Kelly introduces 23-player recruiting haul
Jack Hefferon | Thursday, February 6, 2014
Irish head coach Brian Kelly introduced the 23-member class of 2014 during a press conference Wednesday, highlighting the talents of the incoming group ranked 11th in the country by both ESPN and Rivals.com.
After the departure of stars like Zack Martin, Chris Watt, Louis Nix and Stephon Tuitt, Kelly said the biggest focus of this class was in the trenches. The Irish reeled in four offensive linemen — all ranked within the top 240 recruits by CBS and Scouts, Inc. — along with six defensive linemen and five linebackers.
“I think if you really boil it down, it’s about the [defensive] front seven and the offensive line,” Kelly said. “Yeah, there’s some great skill players that I’ll talk about, but you’re winning up front, and building that depth in the front seven and the offensive line really stands out in this class, and then having some really good players across the board for us.”
Kelly credited the strength of the class to excellent work by his entire coaching staff, with a couple of exceptional performances. Schools in Texas are notorious for recruiting the top talent within the state’s borders, but Irish assistant coach Kerry Cooks landed three highly-ranked defensive players from the Lone Star State. Additionally, Kelly credited the work of Notre Dame’s director of player personnel, Dave Peloquin, who worked through the late departures of offensive coordinator Chuck Martin and defensive coordinator Bob Diaco to keep recruits on board.
“[Peloquin] did an incredible job this year,” Kelly said. “He was short-staffed this year in the recruiting office. We had some departures within that office at a very untimely time in a sense during the recruiting process, and he held that together.”
With Nix and Tuitt — as well as running back George Atkinson and tight end Troy Niklas — forgoing additional years of eligibility to enter the NFL Draft this off-season, Kelly also emphasized the program’s commitment to four-year players, and said that expectation is communicated early in the recruiting process.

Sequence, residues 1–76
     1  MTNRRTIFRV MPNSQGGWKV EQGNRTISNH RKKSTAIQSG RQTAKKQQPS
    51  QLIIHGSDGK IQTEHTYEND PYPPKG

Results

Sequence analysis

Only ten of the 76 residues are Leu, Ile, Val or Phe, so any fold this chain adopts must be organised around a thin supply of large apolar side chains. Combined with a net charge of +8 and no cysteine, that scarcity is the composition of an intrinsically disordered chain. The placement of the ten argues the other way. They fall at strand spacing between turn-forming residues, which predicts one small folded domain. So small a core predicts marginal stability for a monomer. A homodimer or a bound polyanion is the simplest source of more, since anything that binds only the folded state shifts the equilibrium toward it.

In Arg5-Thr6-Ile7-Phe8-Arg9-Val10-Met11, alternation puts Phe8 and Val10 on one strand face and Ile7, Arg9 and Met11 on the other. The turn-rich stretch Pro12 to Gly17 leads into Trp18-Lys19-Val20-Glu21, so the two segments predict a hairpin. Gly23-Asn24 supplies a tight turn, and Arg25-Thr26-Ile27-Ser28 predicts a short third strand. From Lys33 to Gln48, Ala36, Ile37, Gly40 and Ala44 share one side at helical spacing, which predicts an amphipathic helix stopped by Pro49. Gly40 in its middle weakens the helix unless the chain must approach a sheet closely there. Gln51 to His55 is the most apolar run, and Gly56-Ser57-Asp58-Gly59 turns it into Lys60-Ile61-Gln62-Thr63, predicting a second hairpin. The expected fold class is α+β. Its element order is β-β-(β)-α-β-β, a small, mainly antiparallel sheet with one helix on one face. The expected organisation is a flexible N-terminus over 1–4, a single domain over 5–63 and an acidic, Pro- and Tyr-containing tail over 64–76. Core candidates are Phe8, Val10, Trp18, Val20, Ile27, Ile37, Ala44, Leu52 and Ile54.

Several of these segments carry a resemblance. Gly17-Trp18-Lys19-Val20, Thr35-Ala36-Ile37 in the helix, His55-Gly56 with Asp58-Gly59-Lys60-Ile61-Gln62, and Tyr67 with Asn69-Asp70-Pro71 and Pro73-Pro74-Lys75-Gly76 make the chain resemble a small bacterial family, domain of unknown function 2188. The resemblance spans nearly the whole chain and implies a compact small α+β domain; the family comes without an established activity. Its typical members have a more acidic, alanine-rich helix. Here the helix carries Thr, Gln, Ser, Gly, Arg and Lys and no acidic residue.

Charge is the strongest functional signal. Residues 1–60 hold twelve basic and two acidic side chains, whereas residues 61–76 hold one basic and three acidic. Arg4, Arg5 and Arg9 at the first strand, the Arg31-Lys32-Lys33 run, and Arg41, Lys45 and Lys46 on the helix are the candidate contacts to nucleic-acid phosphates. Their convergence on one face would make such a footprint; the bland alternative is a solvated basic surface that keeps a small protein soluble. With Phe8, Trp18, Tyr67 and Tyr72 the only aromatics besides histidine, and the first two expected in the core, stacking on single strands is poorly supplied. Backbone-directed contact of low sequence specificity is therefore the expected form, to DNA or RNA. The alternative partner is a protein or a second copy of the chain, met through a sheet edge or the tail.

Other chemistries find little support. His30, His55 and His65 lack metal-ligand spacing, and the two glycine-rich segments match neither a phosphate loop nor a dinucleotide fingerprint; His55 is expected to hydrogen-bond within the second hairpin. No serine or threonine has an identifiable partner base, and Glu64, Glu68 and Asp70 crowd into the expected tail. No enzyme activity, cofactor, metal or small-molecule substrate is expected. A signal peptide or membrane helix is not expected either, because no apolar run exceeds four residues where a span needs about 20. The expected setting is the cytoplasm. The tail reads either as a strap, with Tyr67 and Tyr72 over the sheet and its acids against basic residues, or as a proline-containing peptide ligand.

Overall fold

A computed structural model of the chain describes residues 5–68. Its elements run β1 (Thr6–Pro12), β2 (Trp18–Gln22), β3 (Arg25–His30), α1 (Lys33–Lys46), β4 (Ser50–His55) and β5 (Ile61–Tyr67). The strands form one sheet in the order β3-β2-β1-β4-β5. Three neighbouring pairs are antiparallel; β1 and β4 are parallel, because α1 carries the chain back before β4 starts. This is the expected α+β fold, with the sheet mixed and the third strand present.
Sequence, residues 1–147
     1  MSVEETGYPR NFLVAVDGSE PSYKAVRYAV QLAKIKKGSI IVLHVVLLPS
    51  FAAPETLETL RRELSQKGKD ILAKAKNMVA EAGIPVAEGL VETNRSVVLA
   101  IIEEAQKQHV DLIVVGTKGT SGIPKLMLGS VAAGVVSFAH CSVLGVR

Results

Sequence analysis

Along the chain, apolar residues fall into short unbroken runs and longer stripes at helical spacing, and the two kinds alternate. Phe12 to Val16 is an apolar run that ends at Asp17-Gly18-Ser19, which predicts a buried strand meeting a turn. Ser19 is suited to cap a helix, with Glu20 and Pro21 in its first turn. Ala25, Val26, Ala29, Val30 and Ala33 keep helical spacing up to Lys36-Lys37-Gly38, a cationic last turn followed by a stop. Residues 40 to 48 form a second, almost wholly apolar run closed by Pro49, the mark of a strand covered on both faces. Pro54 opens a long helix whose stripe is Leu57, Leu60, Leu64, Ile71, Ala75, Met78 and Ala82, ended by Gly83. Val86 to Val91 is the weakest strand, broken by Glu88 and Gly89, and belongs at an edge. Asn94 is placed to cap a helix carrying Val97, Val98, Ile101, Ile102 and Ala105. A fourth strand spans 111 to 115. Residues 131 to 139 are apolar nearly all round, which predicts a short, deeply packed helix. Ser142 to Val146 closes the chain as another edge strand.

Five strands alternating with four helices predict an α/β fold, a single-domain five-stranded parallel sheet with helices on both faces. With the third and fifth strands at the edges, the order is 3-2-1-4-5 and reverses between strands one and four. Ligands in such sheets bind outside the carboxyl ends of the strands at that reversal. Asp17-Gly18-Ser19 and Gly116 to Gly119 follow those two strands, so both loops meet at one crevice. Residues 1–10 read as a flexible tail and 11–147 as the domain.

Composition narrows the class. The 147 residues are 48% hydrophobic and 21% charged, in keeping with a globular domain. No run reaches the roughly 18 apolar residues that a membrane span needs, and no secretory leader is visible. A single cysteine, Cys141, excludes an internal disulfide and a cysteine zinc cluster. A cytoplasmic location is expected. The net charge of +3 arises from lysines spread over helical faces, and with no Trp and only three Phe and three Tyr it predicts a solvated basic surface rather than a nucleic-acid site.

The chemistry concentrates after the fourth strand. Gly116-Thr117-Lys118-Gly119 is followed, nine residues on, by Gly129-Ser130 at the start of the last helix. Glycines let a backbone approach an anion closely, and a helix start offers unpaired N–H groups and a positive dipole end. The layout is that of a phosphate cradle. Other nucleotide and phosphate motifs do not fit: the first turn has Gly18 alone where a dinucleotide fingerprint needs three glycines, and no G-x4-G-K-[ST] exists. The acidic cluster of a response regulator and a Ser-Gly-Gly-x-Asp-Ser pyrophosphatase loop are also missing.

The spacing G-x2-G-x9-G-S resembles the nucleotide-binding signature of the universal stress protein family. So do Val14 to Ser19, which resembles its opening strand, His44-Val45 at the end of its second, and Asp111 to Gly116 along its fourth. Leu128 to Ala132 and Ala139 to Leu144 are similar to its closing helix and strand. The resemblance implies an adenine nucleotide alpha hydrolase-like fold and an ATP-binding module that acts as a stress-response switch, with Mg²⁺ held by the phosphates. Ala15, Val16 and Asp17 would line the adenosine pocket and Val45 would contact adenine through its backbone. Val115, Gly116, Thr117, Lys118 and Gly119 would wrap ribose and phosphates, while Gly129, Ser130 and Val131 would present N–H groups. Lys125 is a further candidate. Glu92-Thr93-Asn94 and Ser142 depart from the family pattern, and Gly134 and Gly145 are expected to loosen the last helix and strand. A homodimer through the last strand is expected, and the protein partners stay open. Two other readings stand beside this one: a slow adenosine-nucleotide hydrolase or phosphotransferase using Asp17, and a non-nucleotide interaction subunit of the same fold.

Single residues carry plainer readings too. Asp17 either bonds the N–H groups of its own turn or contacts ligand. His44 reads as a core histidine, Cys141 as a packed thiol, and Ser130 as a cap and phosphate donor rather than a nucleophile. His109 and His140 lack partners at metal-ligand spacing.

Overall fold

“When we have the opportunity to recruit a young man, they have to have a passion for wanting to get a degree from Notre Dame and winning a National Championship,” he said. “If they want to come here just to hang their hat to play football and go to the NFL … we passed on some pretty good players, because I don’t want guys to come here and not finish their degree.”
With signing day over, Kelly and his staff can now focus on working with the team they have on campus, which includes two members of the incoming class who enrolled in January. One early enrollee is Justin Brent, a wide receiver from Speedway, Ind., whom Kelly praised for having a college-ready body and plenty of speed. The other is 6-foot-3, 260-pound defensive lineman Andrew Trumbetti, a freak athlete who played running back and returned kicks in high school when he wasn’t on the d-line.
After having several freshmen step into big roles last season, Kelly said he is interested to see the learning curve for each new player once they arrive on campus, and determine their impact from there.
“Physically, if you look at a number of these guys, you could say they could play right now,” Kelly said. “It’s developing them mentally to find out whether they’re going to play. It’s not physical. And you really can’t tell that until they get into camp and how they pick up the grind of going through double sessions and the grind of school and balancing all those things.”